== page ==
Things To Do

'Redemption' (R)

In film after film, going back as far as The Transporter, Jason Statham has played characters out to save a damsel in distress, to rescue some woman in need of rescuing. That’s the set-up in his latest, Redemption. But it’s more than that. And the fact that this isn’t the only sort of character he’s played, that he makes even relatively routine actioners like this one interesting, is why it’s never been fair to compare him to muscleheads like Stallone and Schwarzenegger, Van Damme and Seagal. He’s better than that.

Something happened to Sgt. Joseph Jones over in Afghanistan, something glimpsed in flashbacks partly shown as drone surveillance video. He deserted, went underground. And now he’s homeless, a haunted vet on the mean surveillance-camera-covered streets of London, drinking to forget.

Isabel (Victoria Bewick) is his companion, a teenager. That is, until a couple of hoodlums who prey on the homeless rob him and snatch her. He aims to get her back.

Sister Cristina (Agata Buzek) runs the soup kitchen where he eats on those nights when he’s sober. She’s his comfort and his confessor. When he crashes into a posh apartment and realizes the owner won’t be back for months, she is whom he tells.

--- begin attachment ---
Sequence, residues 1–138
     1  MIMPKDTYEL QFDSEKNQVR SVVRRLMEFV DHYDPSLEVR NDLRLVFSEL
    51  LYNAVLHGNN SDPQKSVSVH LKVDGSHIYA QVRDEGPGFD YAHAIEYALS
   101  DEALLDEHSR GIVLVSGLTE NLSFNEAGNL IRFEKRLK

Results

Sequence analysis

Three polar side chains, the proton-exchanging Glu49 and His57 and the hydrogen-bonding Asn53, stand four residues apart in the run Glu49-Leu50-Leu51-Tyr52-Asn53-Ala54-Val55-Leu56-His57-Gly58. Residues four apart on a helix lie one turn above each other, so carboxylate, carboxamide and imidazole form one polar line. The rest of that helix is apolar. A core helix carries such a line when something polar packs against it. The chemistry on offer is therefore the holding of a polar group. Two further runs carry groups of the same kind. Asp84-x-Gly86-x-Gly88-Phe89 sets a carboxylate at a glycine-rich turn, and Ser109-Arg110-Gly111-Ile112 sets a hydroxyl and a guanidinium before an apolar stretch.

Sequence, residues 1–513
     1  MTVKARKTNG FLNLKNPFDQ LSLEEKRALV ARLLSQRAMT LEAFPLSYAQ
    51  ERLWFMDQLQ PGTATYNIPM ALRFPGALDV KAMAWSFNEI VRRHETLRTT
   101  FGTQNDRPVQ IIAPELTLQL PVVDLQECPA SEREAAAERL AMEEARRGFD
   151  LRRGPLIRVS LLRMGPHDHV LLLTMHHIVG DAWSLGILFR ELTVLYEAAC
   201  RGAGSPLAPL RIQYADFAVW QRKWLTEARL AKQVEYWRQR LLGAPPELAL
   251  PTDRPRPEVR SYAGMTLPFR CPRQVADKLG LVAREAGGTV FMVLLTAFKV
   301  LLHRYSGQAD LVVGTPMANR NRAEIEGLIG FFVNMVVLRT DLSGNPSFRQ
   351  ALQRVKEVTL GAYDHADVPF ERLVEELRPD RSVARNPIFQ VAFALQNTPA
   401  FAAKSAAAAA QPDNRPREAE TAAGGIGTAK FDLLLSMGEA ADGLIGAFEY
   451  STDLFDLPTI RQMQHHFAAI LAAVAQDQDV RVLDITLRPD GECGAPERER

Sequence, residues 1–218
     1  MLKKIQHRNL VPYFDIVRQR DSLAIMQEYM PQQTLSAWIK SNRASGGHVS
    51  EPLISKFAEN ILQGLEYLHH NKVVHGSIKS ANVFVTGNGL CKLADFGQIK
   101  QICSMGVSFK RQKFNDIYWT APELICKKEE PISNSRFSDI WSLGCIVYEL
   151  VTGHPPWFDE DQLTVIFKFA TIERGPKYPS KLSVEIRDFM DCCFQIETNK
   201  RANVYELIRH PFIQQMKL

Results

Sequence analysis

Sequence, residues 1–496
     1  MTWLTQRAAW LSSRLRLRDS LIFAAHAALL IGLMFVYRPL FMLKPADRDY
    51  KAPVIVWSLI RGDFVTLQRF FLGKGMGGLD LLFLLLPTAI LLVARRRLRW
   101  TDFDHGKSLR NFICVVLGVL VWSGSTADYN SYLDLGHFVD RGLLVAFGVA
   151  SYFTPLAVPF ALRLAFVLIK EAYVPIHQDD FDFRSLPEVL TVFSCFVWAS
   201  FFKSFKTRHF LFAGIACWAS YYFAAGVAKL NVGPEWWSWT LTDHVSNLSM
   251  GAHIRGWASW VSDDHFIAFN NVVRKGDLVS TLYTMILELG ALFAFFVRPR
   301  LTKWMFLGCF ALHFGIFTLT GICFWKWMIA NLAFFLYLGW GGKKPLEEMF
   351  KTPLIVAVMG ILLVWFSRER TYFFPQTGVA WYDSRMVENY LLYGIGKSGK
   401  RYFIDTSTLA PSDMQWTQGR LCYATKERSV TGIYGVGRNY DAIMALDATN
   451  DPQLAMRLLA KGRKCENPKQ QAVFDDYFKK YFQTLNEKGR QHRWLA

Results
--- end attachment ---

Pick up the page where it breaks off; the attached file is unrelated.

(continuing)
Joe lays low and heals up, puts on the apartment owner’s clothes and drives his Mercedes. He takes a job, first as a dishwasher/bouncer, promoted to enforcer for the Chinese gangster (Benedict Wong) who owns the place. Sister Cristina ponders her dilemma, this damaged soul who tempts her to break her vows.

You have to make a lot of allowances for a film like this, the neat little coincidences that allow Joe to earn cash he can spread among the homeless; track Isabel and announce he’s Catholic and must keep his distance but still lust after Sister Cristina. You have to think he’s a good bloke even after we find out he’s left behind a family, even after we learn his Afghan secret.

Writer-director Steven Knight plays moral relativism games with this tale, from start to finish. The nun accepts money from Joe but is tormented over spending it on ballet tickets. Joe steals from the unseen owner of his flat, but the enforcer work allows him to pay the fellow back.

Statham, as always, keeps things interesting. He doesn’t speak for the film’s first 15 minutes, and when he does, he doesn’t make speeches. He endures his usual beat-downs, which we endure with him because we know at some point, he’s going to take out the trash.

And even the brawls — which are righteously savage — have their comic touches. One diminutive brute is known for his switchblade. Joe answers with his own utensil: “You tell me what happened to her, or I’m going to kill you with this spoon.”

The more correct title would have been Retribution, which could work for any number of Statham vehicles over the years. But Redemption is just different enough to make us remember The Bank Job or Killer Elite or that he’s about to give those fun-but-silly Fast & Furious movies a proper villain.

Cast: Jason Statham, Agata Buzek, Benedict Wong, Victoria Bewick.

Writer/director: Steven Knight.

Producers: Guy Heeley, Paul Webster.

A Roadside Attractions / Lionsgate release. Running time: 120 minutes. Strong brutal violence, graphic nudity and language. Playing in Miami-Dade only: Aventura, Sunset.